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    Updated on Monday, April 8, 2002 11:21 PM

Employers okay both local and foreign grads


From: The Straits Times Interactive, Singapore


WHEN it comes to hiring a graduate for a job, it makes no difference to employers whether they studied here or at a foreign university.
Three in four of the 214 companies which responded to a Straits Times survey said they have no preference when it comes to employing local or overseas graduates. The rest would rather opt for someone who studied in Singapore.

But employers do see clear differences between the two kinds of graduates.
About three in five found overseas graduates to be more independent.
About half of those polled said that those who studied abroad are also more creative, self-assured and street smart.

But most rated both sorts of graduates on par when it comes to level of intelligence and the ability to put their shoulder to the wheel.

Mr Ow Seng Fong, staffing manager of Agilent Technologies, a maker of test and measurement equipment, believes that those educated abroad are more independent because they lived on their own while they were overseas.

They might also be more creative, he added, because of the more liberal education system in other countries.
But when both sorts of graduates get used to the working environment, the advantages that overseas graduates have no longer matter.

He added: 'And the differences between the two are disappearing. The new generation of local graduates are no longer conformists. Neither are they afraid to speak out.'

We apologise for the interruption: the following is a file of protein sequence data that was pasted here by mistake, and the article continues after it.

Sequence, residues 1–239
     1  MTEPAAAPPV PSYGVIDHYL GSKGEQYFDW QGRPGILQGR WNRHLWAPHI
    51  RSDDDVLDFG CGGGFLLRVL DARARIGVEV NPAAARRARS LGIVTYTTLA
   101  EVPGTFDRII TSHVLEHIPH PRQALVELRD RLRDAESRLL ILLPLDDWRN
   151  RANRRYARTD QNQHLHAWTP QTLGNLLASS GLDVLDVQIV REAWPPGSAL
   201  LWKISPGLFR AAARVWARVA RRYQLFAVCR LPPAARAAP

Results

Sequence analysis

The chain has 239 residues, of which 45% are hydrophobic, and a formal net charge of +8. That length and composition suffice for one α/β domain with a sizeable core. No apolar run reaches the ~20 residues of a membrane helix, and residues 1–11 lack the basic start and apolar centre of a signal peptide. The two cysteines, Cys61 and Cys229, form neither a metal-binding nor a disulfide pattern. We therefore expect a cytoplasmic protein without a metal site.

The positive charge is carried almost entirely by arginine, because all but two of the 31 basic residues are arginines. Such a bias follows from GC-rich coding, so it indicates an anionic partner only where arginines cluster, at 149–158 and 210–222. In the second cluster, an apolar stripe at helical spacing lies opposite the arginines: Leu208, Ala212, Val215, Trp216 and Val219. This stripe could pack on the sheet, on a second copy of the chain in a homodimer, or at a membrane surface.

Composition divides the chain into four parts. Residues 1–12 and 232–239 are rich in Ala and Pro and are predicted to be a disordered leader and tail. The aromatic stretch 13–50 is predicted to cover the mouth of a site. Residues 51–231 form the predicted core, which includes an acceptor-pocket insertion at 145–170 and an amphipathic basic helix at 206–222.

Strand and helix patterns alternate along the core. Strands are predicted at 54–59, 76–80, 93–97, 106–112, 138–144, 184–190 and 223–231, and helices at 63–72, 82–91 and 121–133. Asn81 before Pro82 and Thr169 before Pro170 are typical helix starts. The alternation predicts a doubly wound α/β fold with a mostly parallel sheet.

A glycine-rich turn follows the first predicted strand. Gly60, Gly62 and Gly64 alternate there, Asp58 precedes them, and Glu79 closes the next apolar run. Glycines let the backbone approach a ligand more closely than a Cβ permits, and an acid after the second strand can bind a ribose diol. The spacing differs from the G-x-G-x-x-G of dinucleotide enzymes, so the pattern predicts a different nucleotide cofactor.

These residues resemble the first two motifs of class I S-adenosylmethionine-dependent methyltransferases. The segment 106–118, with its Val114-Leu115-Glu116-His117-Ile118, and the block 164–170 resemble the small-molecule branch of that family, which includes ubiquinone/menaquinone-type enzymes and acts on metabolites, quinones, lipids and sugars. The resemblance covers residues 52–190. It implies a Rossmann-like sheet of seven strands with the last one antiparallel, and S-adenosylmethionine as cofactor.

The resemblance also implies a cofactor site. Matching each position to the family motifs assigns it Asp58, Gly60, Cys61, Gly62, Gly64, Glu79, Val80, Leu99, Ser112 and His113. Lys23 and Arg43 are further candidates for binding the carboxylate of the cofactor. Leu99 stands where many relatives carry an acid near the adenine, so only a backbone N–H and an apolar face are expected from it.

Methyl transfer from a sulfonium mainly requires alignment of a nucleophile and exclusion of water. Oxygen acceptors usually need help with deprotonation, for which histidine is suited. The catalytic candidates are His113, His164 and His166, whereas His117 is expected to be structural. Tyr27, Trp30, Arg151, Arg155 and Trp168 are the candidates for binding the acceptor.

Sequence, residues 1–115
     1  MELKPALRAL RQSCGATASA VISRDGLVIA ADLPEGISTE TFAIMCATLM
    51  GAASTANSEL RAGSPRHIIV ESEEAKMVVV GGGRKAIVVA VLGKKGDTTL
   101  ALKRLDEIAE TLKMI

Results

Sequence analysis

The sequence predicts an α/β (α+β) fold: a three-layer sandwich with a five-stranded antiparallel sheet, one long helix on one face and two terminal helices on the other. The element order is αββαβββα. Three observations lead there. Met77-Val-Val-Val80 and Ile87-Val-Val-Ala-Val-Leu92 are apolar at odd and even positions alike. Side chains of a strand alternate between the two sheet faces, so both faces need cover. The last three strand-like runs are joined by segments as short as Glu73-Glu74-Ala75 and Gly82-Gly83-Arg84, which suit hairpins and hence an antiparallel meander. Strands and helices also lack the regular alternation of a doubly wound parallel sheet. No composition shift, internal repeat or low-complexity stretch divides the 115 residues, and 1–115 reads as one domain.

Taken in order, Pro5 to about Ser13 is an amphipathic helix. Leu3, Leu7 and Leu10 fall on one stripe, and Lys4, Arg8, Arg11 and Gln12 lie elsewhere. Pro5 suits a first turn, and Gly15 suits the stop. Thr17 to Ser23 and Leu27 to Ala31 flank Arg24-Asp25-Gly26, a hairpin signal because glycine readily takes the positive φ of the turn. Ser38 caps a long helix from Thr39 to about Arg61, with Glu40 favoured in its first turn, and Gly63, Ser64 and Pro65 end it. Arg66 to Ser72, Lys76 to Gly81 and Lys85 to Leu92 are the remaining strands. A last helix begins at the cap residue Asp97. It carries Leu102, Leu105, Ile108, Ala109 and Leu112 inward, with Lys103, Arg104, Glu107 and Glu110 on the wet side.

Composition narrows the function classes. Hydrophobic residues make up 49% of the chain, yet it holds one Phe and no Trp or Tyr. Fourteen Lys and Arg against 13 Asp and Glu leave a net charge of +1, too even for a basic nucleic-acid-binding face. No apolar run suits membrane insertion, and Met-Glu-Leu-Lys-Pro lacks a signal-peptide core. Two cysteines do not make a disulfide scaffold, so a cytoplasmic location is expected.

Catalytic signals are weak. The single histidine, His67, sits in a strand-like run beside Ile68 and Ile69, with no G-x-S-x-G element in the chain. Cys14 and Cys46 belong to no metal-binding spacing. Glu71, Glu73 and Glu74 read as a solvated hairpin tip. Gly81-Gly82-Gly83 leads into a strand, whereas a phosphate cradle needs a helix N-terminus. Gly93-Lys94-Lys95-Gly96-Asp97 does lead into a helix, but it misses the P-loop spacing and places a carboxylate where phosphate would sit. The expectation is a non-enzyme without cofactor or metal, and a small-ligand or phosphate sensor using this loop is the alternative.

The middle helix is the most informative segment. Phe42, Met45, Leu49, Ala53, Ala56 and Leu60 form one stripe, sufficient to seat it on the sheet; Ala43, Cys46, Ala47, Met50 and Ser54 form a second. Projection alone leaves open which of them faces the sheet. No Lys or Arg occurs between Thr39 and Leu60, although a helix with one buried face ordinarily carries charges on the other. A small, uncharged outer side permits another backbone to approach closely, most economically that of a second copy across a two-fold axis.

One in three employers noted that local graduates have higher expectations when it comes to pay.
Miss Elsie Yong, a human resource manager at Addvalue Technologies, a product development company, believes that this is because some people think it is more difficult to get into local universities than other overseas universities.

She explained: 'So local graduates generally think they are better and thus think they are worth higher pay.'
But some feel that overseas graduates have the better deal.
Mr Jeremy Choy, a 26-year-old research officer, said: 'I've got two friends who joined a bank at the same time, with the same credentials. But the one who studied abroad was paid almost $1,000 more.'
However, both kinds of graduates are not blind to the differences between them.

Accounts manager Alice Lim, 29, who graduated from the National University of Singapore, said: 'The overseas graduates are able to think out of the box.
'Local graduates can think out of the box too. It's just that we are too concerned with whether we are allowed to do so.' --Jane Lee


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